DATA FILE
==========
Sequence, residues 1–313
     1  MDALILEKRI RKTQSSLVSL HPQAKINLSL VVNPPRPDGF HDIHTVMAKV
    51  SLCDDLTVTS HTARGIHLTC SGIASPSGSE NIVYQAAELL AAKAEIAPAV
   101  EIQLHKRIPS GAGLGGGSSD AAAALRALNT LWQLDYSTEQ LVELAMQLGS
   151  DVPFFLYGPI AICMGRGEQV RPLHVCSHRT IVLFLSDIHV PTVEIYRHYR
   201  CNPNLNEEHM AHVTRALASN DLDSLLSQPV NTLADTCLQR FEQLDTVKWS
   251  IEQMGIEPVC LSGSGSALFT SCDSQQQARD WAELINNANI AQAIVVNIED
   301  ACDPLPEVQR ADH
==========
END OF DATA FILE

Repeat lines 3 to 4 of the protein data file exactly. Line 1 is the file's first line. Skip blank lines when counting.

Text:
    51  SLCDDLTVTS HTARGIHLTC SGIASPSGSE NIVYQAAELL AAKAEIAPAV
   101  EIQLHKRIPS GAGLGGGSSD AAAALRALNT LWQLDYSTEQ LVELAMQLGS